Fox Litigation Team Scores Significant Win for Colorado Home Builders

September 29, 2016 – Press Releases

A team of Fox Rothschild litigators led by Partner Christopher J. Dawes secured a major victory for real estate developers on September 26 when the Colorado Supreme Court ruled that a homeowners’ association cannot demand maintenance assessments from builders and developers for property that has not yet been annexed into the common interest community.

The Justices concluded that builders and developers may be entitled to gradually develop subdivisions by annexation. Annexation is a process whereby properties become part of the common interest community only after the residence is built and deeded to the homeowner.  This process of incrementally forming communities through annexation provides necessary flexibility to the developers.

The court’s 31-page opinion in Pulte Home Corp. v. Countryside Community Association, Inc. is a victory for the home building industry and reverses a Colorado Court of Appeals decision that had threatened to cost the industry many millions of dollars by inspiring a wave of lawsuits.

The case hinged on the interpretation of the Colorado Common Interest Ownership Act (CCIOA), C.R.S. §§ 38-33.3-101 et seq., and the applicable covenants for the community. CCIOA provides a uniform scheme for the creation and operation of common interest communities in Colorado.

The Court found that the Colorado Court of Appeals erred when it held that a common interest community is formed immediately upon a developer’s recordation of a declaration and plat rendering the developer immediately liable for assessments.

The Fox attorneys argued that the Court of Appeals’ decision should be reversed because it called into question the viability of the annexation process by which nearly all subdivisions are created in Colorado. They also argued that it created a windfall to homeowners’ associations at the expense of the builders and developers who take on much of the financial risk of subdivision development.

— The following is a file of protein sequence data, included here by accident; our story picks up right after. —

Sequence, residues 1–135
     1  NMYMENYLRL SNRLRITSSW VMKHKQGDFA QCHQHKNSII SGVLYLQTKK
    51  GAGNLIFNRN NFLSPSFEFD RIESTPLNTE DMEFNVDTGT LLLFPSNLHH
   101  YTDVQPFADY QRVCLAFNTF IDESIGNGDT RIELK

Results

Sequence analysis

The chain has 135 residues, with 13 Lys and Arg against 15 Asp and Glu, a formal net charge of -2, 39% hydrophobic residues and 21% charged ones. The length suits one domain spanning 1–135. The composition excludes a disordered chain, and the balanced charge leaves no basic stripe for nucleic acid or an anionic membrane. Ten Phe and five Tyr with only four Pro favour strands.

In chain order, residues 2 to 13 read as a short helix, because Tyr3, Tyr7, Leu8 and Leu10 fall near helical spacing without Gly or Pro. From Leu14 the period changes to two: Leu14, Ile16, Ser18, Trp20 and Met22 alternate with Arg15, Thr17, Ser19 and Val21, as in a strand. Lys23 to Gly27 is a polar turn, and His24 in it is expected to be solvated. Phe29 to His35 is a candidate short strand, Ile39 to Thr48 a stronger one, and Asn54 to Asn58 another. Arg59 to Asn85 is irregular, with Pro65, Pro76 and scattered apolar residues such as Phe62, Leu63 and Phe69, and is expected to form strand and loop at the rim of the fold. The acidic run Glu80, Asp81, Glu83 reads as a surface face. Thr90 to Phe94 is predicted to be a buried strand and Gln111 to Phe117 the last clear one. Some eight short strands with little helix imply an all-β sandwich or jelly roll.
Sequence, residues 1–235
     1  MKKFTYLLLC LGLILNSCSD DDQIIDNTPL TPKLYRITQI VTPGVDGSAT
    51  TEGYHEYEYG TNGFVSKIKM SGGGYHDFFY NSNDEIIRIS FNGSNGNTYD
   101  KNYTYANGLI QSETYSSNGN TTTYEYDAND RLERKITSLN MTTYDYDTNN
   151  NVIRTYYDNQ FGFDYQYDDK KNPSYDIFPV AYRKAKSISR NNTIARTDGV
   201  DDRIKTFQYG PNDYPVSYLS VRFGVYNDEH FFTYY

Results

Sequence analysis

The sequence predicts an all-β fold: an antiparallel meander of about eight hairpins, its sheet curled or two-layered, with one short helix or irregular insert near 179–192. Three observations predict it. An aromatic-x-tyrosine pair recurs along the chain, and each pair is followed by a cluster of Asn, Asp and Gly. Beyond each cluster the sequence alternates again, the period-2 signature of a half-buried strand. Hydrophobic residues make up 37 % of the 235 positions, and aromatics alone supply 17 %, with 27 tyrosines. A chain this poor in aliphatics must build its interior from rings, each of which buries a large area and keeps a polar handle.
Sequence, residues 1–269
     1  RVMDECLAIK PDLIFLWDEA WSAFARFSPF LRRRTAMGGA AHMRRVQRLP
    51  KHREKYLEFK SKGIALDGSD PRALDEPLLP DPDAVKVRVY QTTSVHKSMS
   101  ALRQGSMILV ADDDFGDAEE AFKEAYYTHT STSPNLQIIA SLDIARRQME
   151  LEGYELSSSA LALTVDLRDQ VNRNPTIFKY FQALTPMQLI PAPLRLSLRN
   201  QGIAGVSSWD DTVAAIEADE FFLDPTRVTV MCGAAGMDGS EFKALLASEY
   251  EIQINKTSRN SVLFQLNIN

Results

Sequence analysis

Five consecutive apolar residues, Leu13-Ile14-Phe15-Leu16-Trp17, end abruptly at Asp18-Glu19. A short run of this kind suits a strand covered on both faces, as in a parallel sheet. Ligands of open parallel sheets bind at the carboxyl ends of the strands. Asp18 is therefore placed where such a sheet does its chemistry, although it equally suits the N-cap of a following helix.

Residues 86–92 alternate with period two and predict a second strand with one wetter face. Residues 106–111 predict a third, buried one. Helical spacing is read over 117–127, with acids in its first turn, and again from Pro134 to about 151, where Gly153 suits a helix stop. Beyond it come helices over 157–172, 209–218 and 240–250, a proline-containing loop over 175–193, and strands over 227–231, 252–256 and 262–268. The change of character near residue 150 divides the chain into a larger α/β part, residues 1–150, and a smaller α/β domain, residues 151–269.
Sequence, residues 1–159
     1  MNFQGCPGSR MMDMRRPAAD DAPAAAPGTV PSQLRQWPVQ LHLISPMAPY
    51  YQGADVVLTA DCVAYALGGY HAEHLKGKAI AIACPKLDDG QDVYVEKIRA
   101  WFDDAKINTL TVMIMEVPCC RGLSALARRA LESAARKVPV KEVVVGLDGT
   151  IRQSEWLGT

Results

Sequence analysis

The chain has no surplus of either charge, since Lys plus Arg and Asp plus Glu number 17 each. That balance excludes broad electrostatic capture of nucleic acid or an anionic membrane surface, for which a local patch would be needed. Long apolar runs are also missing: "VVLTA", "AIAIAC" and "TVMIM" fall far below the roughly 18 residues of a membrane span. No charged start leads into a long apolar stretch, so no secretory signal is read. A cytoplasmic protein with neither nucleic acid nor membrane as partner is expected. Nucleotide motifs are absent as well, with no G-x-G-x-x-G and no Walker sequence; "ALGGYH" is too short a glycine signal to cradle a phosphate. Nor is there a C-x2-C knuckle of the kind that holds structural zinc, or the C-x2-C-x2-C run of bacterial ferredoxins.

The Colorado Supreme Court not only ruled in Pulte’s favor on the statutory and covenant-based issues of community formation, but also rejected the homeowners’ association’s alternate theory that Pulte was liable for maintenance assessments on a claim of unjust enrichment.

Dawes was joined on the case by Fox attorneys Risa B. Brown and Christopher T. Groen.

The central issue in this case of when a community is formed — and the consequences that flow from it — has the potential for statewide public impact. Dawes said the ruling provides a huge sigh of relief for the home building industry because the Court of Appeals’ ruling could have had a devastating effect. “If the lower court’s opinion had been upheld, annexation would no longer be viable in Colorado.  Also, developers could have faced liability for assessments immediately upon recording a plat,” Dawes said. 

Dawes represents clients in state and federal courts throughout the United States in an array of commercial disputes, including creditors’ rights, corporate litigation, real estate litigation, shareholder litigation, business torts, and labor and employment matters.

Brown handles a range of litigation, with an emphasis on construction defect, insurance, and real estate matters. She practices at both the trial and appellate level.

Groen’s commercial litigation practice involves the representation of companies and individuals from a broad spectrum of industries, including real estate investors, financial service companies, healthcare providers and construction companies. He practices in state and federal court, at both the trial and appellate level, and has tried numerous cases to verdict.